# Euclidean rhythm

The Euclidean rhythm in music was discovered by Godfried Toussaint in 2004 and is described in a 2005 paper "The Euclidean Algorithm Generates Traditional Musical Rhythms".[1] The greatest common divisor of two numbers is used rhythmically giving the number of beats and silences, generating almost all of the most important world music rhythms,[2] except some Indian talas.[3] The beats in the resulting rhythms are as equidistant as possible; the same results can be obtained from the Bresenham algorithm.

## Summary of algorithm

In Toussaint's paper[3] the task of distributing ${\displaystyle k}$ beats within ${\displaystyle n}$ time steps is considered. It is given that ${\displaystyle k, so there are fewer beats than steps. The question arises of how to distribute these beats such that they are as equidistant as possible. This is easy when ${\displaystyle n}$ is divisible by ${\displaystyle k}$—in this case we distribute the beats such that they are ${\displaystyle n/k}$ steps away from their neighbour. As an example, below is a euclidean rhythm for ${\displaystyle n=16}$ and ${\displaystyle k=4}$. These beats are 4 steps away from each other because ${\displaystyle n/k=16/4=4}$.

[ x . . . x . . . x . . . x . . . ]


Here "x" represents a beat and "." represents a silence.

The problem becomes more complicated when ${\displaystyle k}$ does not divide ${\displaystyle n}$. In this case the formula ${\displaystyle n/k}$ doesn't produce an integer, so some beats must be slightly closer to one neighbour than the other. Because of this the beats are no longer perfectly equidistant. As an example, take the case when ${\displaystyle n=13}$ and ${\displaystyle k=5}$. A naive algorithm may place the beats like this:

[ x . x . x . . x . . x . . ]


Although the beats are technically distributed with ideal spacing between the beats—they are either two steps apart or three—we still have a problem where the beats are "clumped" at the start and spaced out at the end. A more concrete definition of "equidistant" might ask that these spacings ("x ." and "x . .") are also distributed evenly.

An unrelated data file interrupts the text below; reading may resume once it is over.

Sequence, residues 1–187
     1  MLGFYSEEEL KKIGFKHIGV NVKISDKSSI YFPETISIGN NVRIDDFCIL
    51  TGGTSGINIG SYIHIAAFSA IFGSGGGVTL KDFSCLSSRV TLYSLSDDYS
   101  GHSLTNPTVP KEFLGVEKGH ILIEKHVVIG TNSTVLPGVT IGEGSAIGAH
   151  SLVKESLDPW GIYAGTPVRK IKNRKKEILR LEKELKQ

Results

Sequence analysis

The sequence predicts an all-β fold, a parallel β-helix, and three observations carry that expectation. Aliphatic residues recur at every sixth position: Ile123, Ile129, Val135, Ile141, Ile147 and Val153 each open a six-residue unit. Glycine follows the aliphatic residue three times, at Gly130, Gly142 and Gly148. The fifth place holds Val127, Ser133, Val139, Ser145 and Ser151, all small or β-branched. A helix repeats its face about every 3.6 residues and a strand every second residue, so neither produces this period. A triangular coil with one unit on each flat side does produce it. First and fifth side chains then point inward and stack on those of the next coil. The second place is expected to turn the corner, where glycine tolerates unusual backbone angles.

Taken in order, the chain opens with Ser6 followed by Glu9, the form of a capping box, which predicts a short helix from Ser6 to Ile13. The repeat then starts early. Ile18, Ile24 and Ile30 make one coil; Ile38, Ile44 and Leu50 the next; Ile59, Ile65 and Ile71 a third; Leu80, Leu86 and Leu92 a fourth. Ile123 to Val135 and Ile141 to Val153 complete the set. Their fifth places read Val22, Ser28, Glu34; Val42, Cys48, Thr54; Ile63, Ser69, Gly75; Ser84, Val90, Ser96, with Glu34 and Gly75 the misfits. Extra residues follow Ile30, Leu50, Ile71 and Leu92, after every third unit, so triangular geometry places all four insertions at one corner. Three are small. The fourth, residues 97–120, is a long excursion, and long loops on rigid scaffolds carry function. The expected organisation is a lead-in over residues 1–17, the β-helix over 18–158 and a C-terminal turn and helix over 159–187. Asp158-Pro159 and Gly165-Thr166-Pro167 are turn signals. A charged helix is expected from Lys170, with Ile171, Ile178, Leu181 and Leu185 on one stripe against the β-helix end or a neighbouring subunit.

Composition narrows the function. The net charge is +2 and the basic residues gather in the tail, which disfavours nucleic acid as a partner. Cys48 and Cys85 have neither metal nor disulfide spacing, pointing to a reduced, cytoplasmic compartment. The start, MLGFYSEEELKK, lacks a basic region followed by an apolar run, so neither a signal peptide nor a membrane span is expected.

Toussaint's observation is that Euclid's algorithm can be used to systematically find a solution for any ${\displaystyle k}$ and ${\displaystyle n}$ that minimizes "clumping". Taking the previous example where ${\displaystyle n=13}$ and ${\displaystyle k=5}$ we perform Euclid's algorithm:

{\displaystyle {\begin{aligned}&&n=13,\ k=5\\n&=q_{0}k+r_{0}\implies &q_{0}=2,\ r_{0}=3\\k&=q_{1}r_{0}+r_{1}\implies &q_{1}=1,\ r_{1}=2\\r_{0}&=q_{2}r_{1}+r_{2}\implies &q_{2}=1,\ r_{2}=1\\r_{1}&=q_{3}r_{2}+r_{3}\implies &q_{3}=2,\ r_{3}=0\\\end{aligned}}}

Toussaint's algorithm first constructs the following rhythm.

[ x x x x x . . . . . . . . ]


Then, using the sequence ${\displaystyle t=k,r_{0},r_{1},r_{2},...}$ we iteratively take ${\displaystyle t_{n}}$ columns off the right of the sequence and place them at the bottom. Starting with ${\displaystyle t_{0}=k=5}$, we get

[ x x x x x . . .
. . . . .       ]


Next is ${\displaystyle t_{1}=r_{0}=3}$:

[ x x x x x
. . . . .
. . .     ]


Next is ${\displaystyle t_{2}=r_{1}=2}$:

[ x x x
. . .
. . .
x x
. .   ]


The process stops here because ${\displaystyle t_{3}<2}$, i.e. there is only one column to move. The final beat pattern is read out from top to bottom, left to right:

[ x . . x . x . . x . x . . ]


## Other uses of Euclid's algorithm in music

In the 17th century Conrad Henfling writing to Leibniz about music theory and the tuning of musical instruments makes use of the Euclidean algorithm in his reasoning.[4] Viggo Brun[5] investigated the use of Euclidean Algorithm in terms of constructing scales up to 4 different size intervals. Erv Wilson explored both using[6] ratios and[7] scale steps of which Kraig Grady applied to[8] rhythms within long meters.